Scott Ian says Phil Anselmo should be forgiven for his “white power” salute – but only if he proves he deserves it.
The Down frontman’s gesture at last month’s Dimebash event caused outrage, with Anthrax guitarist Ian and Machine Head mainman Robb Flynn among those who condemned the move.
Ian tells Sticks For Stones: “Just asking to be forgiven doesn’t mean you should be forgiven. I’ve had a long running dialogue with Phil since this happened.
“I’ve known the dude almost 30 years. He’s like a brother – he’s family. And when someone in your family has a problem, you discuss it and you try to find a solution.”
He adds: “It’s not okay in any world, let alone the metal world, to do these kind of things in any context. Words are too powerful. Especially Phil Anselmo’s words.
“There’s too many impressionable people out there who listen to everything that dude says.”
Ian had previously suggested that Anselmo make a donation to Jewish human rights body the Simon Wiesenthal Center. He reports: “Possibly the stupidest thing that I saw was someone saying, ‘Why would you want him to donate to the Wiesenthal Center? That’s a Jew thing, and white power has nothing to do with Jews.’
“That just shows you the ignorance out there.”
Down remain under the spotlight after several shows were cancelled, while organisers of Hellfest in France continue to resist pressure from local authorities to drop the band from their bill.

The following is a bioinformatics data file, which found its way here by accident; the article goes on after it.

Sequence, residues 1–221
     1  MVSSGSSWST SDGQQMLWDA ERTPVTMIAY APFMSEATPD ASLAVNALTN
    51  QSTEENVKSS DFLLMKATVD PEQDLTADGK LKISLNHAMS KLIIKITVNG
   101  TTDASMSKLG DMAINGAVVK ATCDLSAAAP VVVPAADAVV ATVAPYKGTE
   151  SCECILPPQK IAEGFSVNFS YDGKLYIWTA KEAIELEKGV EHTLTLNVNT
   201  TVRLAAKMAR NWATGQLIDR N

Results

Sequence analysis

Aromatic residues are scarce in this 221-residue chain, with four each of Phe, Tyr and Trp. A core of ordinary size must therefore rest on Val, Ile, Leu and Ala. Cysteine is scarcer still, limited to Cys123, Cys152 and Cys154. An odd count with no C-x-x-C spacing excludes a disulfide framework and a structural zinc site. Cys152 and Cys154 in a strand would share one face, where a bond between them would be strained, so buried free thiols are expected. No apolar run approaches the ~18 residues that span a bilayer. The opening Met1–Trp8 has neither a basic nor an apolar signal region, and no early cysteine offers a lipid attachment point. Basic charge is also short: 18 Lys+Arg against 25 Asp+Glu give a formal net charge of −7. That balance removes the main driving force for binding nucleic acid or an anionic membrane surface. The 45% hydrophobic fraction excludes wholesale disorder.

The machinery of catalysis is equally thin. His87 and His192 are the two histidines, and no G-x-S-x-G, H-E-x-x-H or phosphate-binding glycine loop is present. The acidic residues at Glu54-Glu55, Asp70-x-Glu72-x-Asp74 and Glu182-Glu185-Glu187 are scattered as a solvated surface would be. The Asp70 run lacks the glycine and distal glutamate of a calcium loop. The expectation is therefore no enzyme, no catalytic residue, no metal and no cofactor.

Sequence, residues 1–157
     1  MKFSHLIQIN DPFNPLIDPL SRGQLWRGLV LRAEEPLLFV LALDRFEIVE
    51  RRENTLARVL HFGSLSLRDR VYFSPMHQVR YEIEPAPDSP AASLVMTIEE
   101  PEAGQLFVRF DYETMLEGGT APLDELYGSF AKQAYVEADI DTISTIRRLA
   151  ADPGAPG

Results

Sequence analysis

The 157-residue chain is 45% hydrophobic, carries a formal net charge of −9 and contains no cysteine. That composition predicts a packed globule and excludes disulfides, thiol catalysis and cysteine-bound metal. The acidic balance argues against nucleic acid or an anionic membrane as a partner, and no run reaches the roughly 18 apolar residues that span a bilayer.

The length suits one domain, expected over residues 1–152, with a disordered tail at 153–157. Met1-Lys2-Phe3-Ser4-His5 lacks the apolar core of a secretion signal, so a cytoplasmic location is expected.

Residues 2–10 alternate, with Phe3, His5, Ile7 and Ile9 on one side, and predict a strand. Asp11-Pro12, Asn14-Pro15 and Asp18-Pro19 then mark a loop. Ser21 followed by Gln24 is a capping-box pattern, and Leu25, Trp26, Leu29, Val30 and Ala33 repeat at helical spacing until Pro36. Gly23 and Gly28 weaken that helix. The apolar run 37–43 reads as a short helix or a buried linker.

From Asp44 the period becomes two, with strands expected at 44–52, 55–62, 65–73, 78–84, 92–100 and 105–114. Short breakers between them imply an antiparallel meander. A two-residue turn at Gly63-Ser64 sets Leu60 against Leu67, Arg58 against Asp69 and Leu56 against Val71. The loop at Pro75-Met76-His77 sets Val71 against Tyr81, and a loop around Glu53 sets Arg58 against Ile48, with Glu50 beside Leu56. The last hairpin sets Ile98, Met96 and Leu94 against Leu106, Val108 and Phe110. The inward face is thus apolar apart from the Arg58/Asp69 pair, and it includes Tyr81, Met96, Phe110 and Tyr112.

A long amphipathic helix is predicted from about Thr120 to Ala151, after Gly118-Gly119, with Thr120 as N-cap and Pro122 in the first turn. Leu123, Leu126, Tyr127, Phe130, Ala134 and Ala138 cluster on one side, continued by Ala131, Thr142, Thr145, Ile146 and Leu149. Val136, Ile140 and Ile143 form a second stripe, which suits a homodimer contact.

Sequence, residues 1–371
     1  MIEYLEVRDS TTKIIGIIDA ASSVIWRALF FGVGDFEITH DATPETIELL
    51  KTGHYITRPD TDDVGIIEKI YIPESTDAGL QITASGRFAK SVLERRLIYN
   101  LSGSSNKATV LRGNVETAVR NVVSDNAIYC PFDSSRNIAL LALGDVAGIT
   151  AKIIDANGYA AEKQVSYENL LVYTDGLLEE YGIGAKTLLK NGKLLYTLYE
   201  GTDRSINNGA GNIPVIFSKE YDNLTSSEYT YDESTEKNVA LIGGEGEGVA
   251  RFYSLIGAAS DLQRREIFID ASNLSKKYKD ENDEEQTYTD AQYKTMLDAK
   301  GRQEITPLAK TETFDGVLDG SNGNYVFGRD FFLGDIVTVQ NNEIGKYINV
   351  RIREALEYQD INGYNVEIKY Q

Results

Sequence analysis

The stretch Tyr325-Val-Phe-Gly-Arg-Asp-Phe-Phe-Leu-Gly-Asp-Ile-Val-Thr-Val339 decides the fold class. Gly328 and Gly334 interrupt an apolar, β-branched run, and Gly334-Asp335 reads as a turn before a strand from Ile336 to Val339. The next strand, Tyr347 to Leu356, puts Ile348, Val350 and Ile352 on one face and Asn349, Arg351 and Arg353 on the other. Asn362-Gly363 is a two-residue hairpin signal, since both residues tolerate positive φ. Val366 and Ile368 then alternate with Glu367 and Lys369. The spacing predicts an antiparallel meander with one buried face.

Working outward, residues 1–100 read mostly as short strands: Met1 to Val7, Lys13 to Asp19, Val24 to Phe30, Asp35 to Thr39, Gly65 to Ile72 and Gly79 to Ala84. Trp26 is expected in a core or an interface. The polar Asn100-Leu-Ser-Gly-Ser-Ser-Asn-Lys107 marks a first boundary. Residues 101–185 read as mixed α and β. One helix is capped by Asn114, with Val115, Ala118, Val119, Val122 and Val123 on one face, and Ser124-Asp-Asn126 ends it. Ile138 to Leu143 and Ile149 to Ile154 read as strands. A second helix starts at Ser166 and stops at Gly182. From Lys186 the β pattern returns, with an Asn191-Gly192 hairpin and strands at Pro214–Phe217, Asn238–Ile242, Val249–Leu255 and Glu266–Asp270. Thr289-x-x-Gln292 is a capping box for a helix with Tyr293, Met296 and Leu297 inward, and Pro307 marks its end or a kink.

The French Cultural Commission withdrew €20,000 of funding following Anselmo’s outburst. But event promoter Ben Barbaud argues that the Commission simply used the controversy as an excuse to stop supporting his festival for political reasons.
Barbaud writes in an open letter: “Philip Anselmo has acted, I grant you, as an imbecile. Admit it, though – this does not interest you, only the pretext by which to please your electorate through cutting your ties to our event.
“This festival has been such a successful adventure and example of human success. It has eradicated much prejudice against a stigmatised and caricatured public, too often wrongly judged as violent, occultist, even satanic.
“I challenge you to find one person able to prove that our festival incites racial or religious hatred. You would not find a single one. You are fighting the wrong fight.”